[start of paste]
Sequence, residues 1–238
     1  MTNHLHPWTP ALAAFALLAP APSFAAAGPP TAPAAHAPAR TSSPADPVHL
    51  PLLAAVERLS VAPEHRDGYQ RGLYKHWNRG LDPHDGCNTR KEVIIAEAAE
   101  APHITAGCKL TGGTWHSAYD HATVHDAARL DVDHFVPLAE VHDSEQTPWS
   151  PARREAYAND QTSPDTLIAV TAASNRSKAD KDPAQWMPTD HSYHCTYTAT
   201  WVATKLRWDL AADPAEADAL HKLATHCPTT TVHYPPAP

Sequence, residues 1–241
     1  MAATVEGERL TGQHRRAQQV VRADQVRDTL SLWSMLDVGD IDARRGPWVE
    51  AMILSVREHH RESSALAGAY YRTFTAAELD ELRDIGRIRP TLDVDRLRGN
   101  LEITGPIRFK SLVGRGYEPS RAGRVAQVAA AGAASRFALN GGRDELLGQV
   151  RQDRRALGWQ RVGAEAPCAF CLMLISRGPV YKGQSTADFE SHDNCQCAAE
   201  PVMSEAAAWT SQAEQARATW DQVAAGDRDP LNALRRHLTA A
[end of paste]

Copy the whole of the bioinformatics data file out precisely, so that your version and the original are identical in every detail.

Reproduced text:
Sequence, residues 1–238
     1  MTNHLHPWTP ALAAFALLAP APSFAAAGPP TAPAAHAPAR TSSPADPVHL
    51  PLLAAVERLS VAPEHRDGYQ RGLYKHWNRG LDPHDGCNTR KEVIIAEAAE
   101  APHITAGCKL TGGTWHSAYD HATVHDAARL DVDHFVPLAE VHDSEQTPWS
   151  PARREAYAND QTSPDTLIAV TAASNRSKAD KDPAQWMPTD HSYHCTYTAT
   201  WVATKLRWDL AADPAEADAL HKLATHCPTT TVHYPPAP

Sequence, residues 1–241
     1  MAATVEGERL TGQHRRAQQV VRADQVRDTL SLWSMLDVGD IDARRGPWVE
    51  AMILSVREHH RESSALAGAY YRTFTAAELD ELRDIGRIRP TLDVDRLRGN
   101  LEITGPIRFK SLVGRGYEPS RAGRVAQVAA AGAASRFALN GGRDELLGQV
   151  RQDRRALGWQ RVGAEAPCAF CLMLISRGPV YKGQSTADFE SHDNCQCAAE
   201  PVMSEAAAWT SQAEQARATW DQVAAGDRDP LNALRRHLTA A